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Guest Other-in-Law

Henry then proceeded to create his own church, right? But in Westeros we have a cloudier vision of the Faith and their comparable stances on marriage; I would submit that the very fact that Renly thinks it's possible for Robert to set Cersei aside means that it would have been, as it would be useless for the author to include this only to characterize Renly as somehow delusional, which he would have to be in order to be incorrect about a fact like this.

The church of Rome was never dominated by the King of England the way the High Septons were dominated by the Kings of Westeros, so I'm sure Robert could have done it legally. It would have meant war against the Lannisters, naturally, but how could they stand alone against a realm united under King Robert against them? I

think Renly's confidence that it could be managed was reasonable enough. The biggest problems would have been getting Robert to sufficient backbone to do it, and, obviously, the Lannisters murdering him under everyone's noses way before it ever got that far, and co-opting the crown for themselves.

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If by "bad" you mean "executed her and her two children," then yes.

I feel compelled to point out that, 1) the rumor says that they had her sold into slavery and the twins executed; and, 2) it is JUST a rumor and Ned says that there are tales told like that of every lord in the land. Considering that Cersei never once thinks of it during her narrative it may well be only a rumor.

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To be fair, it is the kind of thing Cersei would do. She sent Allar Deem to kill one of Robert's lovers and her child, and never once thinks about in her POV chapters either. Cersei is a vial of malevolence.

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Of course there are many more houses in Westeros than we have completed data, but I was wondering if anywhere there is a list of the Houses whose age and provenance is known or known roughly, and if that information is provided? Whether the list exists or not, I think it would be good to include in a House's wiki entry, but I was hoping to get my hands on a list.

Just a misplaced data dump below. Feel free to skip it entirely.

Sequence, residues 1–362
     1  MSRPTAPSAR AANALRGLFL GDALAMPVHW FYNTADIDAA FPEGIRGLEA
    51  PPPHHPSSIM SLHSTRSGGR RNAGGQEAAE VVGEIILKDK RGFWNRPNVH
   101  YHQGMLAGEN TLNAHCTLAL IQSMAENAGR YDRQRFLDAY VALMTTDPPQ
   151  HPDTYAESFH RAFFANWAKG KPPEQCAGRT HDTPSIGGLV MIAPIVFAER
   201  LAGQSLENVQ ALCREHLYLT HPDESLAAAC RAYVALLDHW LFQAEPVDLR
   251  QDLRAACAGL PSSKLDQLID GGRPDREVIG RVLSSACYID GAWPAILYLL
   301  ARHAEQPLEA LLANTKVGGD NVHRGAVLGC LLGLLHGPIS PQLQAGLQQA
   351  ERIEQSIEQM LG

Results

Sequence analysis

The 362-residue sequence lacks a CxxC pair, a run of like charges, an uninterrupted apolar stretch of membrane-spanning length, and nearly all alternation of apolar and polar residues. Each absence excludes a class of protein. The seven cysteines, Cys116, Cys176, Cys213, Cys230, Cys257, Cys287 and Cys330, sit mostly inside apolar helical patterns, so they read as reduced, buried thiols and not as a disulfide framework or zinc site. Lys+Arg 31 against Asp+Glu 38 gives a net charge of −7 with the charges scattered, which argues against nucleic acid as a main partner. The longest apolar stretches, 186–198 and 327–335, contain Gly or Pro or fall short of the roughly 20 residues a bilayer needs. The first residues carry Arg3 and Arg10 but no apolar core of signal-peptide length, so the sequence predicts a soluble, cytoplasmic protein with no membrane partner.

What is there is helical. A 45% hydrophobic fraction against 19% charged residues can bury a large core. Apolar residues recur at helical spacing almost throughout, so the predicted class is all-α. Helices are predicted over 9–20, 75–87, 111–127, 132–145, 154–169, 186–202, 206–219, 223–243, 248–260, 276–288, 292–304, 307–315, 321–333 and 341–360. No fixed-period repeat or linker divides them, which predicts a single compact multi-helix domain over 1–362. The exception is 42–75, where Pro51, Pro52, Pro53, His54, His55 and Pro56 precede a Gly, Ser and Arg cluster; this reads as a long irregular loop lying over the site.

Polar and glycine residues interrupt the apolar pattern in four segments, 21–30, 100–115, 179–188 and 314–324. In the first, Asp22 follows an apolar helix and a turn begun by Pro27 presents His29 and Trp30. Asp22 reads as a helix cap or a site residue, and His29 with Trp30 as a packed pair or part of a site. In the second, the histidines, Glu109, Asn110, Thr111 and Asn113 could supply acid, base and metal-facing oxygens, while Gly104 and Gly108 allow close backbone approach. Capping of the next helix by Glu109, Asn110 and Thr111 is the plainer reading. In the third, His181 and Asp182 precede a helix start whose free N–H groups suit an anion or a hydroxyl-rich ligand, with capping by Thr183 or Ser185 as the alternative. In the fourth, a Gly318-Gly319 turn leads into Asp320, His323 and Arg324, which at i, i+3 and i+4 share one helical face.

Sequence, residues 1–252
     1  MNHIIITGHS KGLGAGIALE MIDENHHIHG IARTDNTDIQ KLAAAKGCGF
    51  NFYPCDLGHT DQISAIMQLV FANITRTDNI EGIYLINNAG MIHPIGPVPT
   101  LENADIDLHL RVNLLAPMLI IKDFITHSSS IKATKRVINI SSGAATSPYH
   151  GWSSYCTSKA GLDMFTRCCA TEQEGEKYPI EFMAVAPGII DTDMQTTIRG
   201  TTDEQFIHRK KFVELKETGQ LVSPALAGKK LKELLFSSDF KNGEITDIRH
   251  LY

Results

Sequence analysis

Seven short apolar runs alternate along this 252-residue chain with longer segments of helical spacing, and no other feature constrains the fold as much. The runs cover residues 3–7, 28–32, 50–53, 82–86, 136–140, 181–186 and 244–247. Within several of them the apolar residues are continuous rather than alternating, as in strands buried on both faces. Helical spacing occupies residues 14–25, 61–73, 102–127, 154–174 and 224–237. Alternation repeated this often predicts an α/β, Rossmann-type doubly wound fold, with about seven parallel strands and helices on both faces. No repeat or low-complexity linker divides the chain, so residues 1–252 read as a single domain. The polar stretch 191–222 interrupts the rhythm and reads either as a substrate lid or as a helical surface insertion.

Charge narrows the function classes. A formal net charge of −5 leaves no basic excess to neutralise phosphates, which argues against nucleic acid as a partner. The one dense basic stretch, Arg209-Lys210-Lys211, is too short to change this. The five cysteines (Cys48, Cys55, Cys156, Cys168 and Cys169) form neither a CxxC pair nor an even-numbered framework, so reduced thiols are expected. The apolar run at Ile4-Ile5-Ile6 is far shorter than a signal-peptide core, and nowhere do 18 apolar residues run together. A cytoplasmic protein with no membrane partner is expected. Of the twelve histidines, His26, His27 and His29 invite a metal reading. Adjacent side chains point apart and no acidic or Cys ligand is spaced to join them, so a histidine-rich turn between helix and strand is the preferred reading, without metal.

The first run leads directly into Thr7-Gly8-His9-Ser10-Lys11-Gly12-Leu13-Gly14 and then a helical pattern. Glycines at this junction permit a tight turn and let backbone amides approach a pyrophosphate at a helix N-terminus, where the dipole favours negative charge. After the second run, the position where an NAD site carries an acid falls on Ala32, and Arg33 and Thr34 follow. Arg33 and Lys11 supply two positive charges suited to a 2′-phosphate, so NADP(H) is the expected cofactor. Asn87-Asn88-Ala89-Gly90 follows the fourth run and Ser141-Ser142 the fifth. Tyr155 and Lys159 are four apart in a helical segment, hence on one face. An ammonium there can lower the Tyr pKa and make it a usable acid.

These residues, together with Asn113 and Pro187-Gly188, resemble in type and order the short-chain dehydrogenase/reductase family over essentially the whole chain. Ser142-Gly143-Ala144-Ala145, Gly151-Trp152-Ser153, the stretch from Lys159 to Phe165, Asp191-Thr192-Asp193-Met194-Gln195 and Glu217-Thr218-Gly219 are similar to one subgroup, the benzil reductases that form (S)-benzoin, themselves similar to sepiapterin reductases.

It seems to me that almost every house is described, and not only by its own members, as "ancient and proud," and while in Westeros, where the Starks and Lannisters, for example, have apparently been around for thousands of years, that seems not unreasonable on its face. Yet these nations are frequently at war, and were even more so before the Targs showed up, and even in peacetime it's a pretty rough world: you would think that most of these houses would have to be fairly new, established, say, within the last hundred years or so, yeah?

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Guest Other-in-Law

Of course there are many more houses in Westeros than we have completed data, but I was wondering if anywhere there is a list of the Houses whose age and provenance is known or known roughly, and if that information is provided? Whether the list exists or not, I think it would be good to include in a House's wiki entry, but I was hoping to get my hands on a list.

I think it'll be a fairly short list, and vague. Off the top of my head:

Hightower...Age of Heroes (were kings)

Dayne...Age of Heroes (said to be 10,000 years)

Stark...Age of Heroes (8,000 years or so?)

Royce...Age of Heroes

Greyjoy...Age of Heroes

Harlaw...Age of Heroes ("dawn of days")

Bracken...Age of Heroes

Blackwood...Age of Heroes

Gardener...Age of Heroes

Lannister...Age of Heroes (female line, male is Andal)

Westerling...Age of Heroes

Darklyn...Age of Heroes (were petty kings)

Crabb...Age of Heroes

Arryn...coming of the Andals (Some 6,000 years)

Darry...coming of the Andals

Lannister...coming of the Andals (male line)

Martell...at least 1,000 years, probably much longer

Karstark...1,000 years

Tully...have held Riverrun for 1,000 years (on the principle of there being at least one scottish sheep that is black on at least one side)

Manderly...have held White Harbor for 900 years, before that major lords in the Reach

Frey...600 years

Baratheon..300 years

Qoherys...raised to Harrenhal 300 years ago, since extinct

Whent...raised to Harrenhal some 70 ago

Clegane...on 3rd generation, a few decades